Dyson Electric Vehicles
wattEV2buy explores the Dyson electric car strategy and list the Dyson EV models, news, and sales as it vies for a position in the fast-growing EV market.
We are used to tech companies invading the space of automakers brought on by the EV rush, but you don’t often hear of home appliance companies with EV ambitions. It might, however, be that appliance companies stand a better chance to mass produce electric cars with their understanding of manufacturing processes. Dyson, the British home appliance company last year announced that it is betting £2 billion on the development of an electric vehicle propelled by solid-state battery technology the company has been pursuing since 2014. The entrepreneur Sir James Dyson ramped up his company’s solid-state program in 2015 by acquiring Michigan based Sakti3 for $90 million.
Dyson Electric Car Strategy in the news
2018 Week 43 Dyson decides on Singapore for EV factory
After months of speculation on where Dyson will establish its EV plant
for its £2.5bn bet on developing an electric car, the manufacturer of
electric household appliances announced in an internal memo that it
chose Singapore. Dyson engaged with authorities in the UK, China,
Malaysia, and Singapore in its decision-making process but the sovereign
city-state in South East Asia was chosen due to its proximity to
“high-growth markets.” Dyson looked at factors such as supply chains,
access to markets and the availability of skilled labor. Dyson CEO, Jim
Rowan, told staff that the company was making excellent progress on
developing the car. “Clearly we now need to move quickly towards
manufacturing and assembly,” he said in the memo. Dyson’s EV plant will
be completed in 2020, allowing for the launch of Dyson’s first electric
vehicle in 2021.
2018 Week 35 Dyson EV development takes shape
The British appliance manufacturer Dyson’s
EV plans notched up another gear as the company earmarked $150 million
for a test facility at an old World War 2 airfield in Chippenham,
Wiltshire, England. Dyson plans to transform the 750-acre RAF
Hullavington Airfield into a 10-mile long test track for its electric
vehicle development program. The test track will allow Dyson to test its
EVs in al manner of conditions including handling and stability,
off-road driving, a skid pan and a high-speed runway for speeds above
100 miles per hour (161 kph). Dyson will also construct offices for its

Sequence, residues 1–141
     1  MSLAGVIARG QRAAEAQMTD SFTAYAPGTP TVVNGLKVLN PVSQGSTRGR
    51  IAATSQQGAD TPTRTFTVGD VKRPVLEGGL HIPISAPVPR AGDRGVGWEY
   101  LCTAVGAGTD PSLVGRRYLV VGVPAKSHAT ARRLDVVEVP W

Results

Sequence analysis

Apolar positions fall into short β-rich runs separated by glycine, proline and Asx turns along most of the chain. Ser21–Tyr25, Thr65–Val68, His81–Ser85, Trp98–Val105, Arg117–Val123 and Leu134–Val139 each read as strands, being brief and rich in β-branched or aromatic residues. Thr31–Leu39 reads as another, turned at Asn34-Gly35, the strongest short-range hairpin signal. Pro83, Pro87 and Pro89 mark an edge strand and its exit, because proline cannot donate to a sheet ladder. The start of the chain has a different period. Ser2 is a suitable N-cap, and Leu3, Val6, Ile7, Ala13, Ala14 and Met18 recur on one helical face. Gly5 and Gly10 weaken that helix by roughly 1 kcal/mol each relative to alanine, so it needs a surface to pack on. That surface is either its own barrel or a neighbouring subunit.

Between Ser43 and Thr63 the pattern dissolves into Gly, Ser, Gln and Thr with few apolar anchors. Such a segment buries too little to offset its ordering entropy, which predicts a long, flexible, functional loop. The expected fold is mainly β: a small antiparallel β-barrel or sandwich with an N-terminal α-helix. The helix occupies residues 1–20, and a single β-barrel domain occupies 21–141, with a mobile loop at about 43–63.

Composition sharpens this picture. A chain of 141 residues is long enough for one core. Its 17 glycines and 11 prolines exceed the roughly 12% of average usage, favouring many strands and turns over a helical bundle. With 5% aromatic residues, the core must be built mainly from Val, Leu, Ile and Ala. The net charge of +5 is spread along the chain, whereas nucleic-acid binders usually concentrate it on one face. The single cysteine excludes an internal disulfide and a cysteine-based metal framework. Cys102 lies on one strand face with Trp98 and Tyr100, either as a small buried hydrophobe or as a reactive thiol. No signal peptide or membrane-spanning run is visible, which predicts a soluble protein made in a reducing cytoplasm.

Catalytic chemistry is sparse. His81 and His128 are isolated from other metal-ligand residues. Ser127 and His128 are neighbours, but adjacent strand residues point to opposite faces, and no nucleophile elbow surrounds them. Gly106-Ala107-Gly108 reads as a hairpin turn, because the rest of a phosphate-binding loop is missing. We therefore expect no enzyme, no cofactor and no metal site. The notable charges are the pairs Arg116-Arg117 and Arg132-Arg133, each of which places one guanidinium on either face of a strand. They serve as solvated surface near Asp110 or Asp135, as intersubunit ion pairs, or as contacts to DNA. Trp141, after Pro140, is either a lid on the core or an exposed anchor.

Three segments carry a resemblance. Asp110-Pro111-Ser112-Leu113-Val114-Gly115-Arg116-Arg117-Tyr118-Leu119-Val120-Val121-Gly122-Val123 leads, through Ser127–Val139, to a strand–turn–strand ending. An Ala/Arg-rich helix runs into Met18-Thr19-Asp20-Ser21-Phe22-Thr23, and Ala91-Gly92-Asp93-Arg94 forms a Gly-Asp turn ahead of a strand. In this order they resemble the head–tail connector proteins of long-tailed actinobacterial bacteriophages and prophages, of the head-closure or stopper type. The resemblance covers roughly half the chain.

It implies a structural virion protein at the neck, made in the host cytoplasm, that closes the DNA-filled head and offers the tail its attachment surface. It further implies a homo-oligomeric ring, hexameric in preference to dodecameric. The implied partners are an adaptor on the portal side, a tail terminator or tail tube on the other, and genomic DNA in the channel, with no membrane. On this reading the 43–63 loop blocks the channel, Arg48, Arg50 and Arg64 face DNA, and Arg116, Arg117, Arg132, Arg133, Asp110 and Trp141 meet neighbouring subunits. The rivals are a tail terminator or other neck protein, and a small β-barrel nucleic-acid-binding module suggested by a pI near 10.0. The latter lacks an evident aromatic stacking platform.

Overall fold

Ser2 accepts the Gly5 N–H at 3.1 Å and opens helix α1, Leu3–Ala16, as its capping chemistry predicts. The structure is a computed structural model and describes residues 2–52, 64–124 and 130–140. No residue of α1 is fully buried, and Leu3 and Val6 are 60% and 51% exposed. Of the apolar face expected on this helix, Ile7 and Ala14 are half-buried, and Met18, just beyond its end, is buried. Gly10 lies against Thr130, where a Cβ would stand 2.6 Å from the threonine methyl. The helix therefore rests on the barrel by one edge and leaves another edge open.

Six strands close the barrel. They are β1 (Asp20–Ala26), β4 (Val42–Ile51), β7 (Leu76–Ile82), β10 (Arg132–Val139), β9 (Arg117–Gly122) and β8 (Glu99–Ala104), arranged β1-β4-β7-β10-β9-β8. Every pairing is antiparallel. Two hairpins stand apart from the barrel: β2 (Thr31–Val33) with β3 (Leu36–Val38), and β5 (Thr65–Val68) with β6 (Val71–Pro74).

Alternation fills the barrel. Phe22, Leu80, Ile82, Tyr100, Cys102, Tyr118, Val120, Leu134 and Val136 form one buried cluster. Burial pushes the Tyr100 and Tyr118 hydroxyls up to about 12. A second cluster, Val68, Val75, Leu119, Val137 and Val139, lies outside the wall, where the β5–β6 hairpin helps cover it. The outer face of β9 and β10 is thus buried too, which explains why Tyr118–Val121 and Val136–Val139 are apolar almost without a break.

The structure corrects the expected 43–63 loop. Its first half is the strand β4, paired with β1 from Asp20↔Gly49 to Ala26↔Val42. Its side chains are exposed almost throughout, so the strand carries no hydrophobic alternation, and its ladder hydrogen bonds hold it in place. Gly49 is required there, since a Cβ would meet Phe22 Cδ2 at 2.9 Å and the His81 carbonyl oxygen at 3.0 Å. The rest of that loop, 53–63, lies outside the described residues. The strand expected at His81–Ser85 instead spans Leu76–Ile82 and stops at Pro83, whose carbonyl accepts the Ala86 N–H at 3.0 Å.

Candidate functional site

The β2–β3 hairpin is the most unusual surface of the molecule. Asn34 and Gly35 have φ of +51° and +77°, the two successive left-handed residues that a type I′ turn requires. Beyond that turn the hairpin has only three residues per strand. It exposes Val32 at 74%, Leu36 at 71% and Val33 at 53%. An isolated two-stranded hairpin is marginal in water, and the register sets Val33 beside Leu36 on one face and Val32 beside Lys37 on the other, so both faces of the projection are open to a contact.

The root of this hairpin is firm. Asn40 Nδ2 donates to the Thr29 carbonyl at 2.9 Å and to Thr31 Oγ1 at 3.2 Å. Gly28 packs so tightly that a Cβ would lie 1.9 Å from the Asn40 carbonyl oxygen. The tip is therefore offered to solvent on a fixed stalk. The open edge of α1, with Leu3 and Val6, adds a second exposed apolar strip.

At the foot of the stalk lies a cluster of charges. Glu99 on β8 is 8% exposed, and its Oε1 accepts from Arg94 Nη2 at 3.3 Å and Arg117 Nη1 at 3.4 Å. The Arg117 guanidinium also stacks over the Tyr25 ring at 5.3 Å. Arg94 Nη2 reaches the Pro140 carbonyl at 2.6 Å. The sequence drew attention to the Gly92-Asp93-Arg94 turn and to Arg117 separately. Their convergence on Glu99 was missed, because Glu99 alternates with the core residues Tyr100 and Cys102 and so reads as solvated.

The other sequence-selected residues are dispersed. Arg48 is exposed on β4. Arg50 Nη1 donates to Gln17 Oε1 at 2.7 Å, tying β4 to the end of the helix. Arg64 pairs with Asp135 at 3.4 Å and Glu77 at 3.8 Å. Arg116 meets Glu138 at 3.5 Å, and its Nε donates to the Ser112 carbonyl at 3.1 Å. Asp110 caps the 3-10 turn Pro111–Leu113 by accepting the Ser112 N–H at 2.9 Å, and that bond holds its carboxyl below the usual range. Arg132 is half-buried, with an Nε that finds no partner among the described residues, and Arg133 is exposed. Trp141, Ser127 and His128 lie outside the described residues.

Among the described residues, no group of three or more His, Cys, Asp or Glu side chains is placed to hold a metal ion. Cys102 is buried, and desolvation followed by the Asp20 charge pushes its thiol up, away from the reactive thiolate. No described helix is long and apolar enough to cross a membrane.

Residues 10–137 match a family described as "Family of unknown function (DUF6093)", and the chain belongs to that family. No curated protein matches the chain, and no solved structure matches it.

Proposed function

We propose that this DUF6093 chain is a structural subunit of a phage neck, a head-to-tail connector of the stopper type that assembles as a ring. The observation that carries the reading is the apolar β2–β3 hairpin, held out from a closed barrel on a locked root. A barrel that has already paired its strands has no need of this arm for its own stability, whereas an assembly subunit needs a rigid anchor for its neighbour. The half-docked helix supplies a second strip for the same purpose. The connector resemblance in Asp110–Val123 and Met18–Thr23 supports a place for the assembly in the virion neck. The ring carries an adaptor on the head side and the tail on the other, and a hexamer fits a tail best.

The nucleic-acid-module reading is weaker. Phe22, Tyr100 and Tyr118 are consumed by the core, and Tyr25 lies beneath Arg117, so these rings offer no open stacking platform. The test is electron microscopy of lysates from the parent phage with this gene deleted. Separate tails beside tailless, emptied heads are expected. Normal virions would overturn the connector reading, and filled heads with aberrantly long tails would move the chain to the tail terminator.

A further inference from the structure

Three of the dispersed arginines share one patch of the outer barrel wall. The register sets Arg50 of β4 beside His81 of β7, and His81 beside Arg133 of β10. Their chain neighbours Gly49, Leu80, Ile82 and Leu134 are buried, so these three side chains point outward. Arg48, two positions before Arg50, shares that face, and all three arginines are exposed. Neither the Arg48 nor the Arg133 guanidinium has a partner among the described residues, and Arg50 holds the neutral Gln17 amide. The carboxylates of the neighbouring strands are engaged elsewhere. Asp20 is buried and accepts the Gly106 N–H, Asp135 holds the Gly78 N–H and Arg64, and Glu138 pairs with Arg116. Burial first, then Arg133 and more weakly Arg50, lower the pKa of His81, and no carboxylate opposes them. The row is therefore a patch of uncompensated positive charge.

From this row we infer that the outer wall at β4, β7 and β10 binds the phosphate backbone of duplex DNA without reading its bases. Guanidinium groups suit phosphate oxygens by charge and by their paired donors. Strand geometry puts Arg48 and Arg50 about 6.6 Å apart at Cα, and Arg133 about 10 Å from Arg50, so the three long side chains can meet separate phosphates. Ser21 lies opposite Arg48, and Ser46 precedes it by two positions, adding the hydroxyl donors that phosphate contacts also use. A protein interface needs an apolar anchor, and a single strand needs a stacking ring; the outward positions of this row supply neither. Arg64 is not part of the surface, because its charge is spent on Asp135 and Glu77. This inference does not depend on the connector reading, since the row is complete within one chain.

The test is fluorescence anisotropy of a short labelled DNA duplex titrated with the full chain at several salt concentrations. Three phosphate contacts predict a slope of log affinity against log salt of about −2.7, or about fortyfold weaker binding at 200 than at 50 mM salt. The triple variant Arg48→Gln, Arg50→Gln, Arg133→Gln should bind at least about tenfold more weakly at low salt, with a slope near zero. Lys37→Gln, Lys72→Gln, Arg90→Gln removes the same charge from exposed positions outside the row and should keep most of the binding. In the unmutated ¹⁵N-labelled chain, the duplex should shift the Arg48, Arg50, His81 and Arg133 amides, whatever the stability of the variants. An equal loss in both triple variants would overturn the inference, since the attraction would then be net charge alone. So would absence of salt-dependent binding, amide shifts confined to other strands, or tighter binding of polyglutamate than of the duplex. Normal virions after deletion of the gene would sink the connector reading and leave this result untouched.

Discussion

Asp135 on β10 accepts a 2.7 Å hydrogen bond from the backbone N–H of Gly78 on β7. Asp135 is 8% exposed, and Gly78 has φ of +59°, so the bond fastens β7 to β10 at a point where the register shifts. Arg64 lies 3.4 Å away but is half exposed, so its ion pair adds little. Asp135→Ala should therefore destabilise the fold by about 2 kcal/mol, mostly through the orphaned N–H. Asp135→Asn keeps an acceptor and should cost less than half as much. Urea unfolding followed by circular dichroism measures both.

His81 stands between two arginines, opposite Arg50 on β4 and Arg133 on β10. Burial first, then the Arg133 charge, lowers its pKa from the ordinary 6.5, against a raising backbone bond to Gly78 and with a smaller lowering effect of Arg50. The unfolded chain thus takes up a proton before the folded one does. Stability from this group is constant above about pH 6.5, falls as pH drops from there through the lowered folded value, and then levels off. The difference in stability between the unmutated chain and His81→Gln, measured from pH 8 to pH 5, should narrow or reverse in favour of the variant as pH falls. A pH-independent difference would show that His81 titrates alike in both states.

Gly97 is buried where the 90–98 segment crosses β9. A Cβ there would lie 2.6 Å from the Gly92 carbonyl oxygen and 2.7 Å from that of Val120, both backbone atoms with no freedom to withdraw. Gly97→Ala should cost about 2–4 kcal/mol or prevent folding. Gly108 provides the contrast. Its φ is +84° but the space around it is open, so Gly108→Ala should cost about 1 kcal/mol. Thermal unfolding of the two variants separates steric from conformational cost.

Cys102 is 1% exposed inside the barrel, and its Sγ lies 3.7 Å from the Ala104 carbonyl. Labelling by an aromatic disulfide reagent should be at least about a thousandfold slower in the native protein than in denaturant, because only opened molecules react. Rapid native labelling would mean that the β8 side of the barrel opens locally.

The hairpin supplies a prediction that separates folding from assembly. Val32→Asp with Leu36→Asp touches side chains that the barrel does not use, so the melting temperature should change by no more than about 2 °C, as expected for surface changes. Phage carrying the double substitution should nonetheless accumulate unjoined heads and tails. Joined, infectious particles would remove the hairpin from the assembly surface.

R&D team which will eventually house up to 2,000 staff.
2018 Week 7 Dyson EV Plans
The Financial Times this week took a closer look at Dyson’s EV program which targets three EVs from 2020 onwards and concluded that the first EV might be equipped with a lithium-ion battery rather than a solid-state battery as initially planned. Solid-state batteries which is much safer and more efficient is only expected to become mainstream in 2025 judging from pronouncements made by companies such as Toyota and Mercedes although EV start-up Fisker recently brought its solid-state battery roll-out forward to 2020.
Some industry insiders doubts if Dyson’s EV gamble will pay off with Aston Martin CEO Andy Palmer tweeting a spoof of a Dyson EV in 2017 (See image below). Dyson is yet to decide on a location for the production of its EVs which supports the detractors of Dyson’s plans as tooling for an assembly plant takes minimum 18 months no matter if you are a 100-year-old automaker or a start-up. The company is looking at locations in the UK, China, Malaysia and Singapore with the far east being favored since it is expected that China would be the largest market for the Dyson EV. Supporting Dyson’s plan is its ability to develop many components in-house making it less reliant on external suppliers. The Dyson EV is rumored to be made from plastic, which is closer to Dyson’s core and allows for the inventive design promised by Sir James Dyson in September 2017 when he announced that EV would look “quite different” to any currently on the market.
Other than Tesla Dyson does not want to over promise and under deliver and keeps its progress close to its chest. Also different than Tesla who had access to a lot of government funds the privately owned Dyson so far has only received £16 million from the UK Government. Developing electric cars is an expensive venture, this week in an interview with CNBC Renault-Nissan-Mitsubishi alliance chairman, Carlos Ghosn said that they are probably the only carmaker making money off selling EVs. To date, it seems Dyson is not considering an IPO but going it alone by supporting the £2 billion project from own funds.
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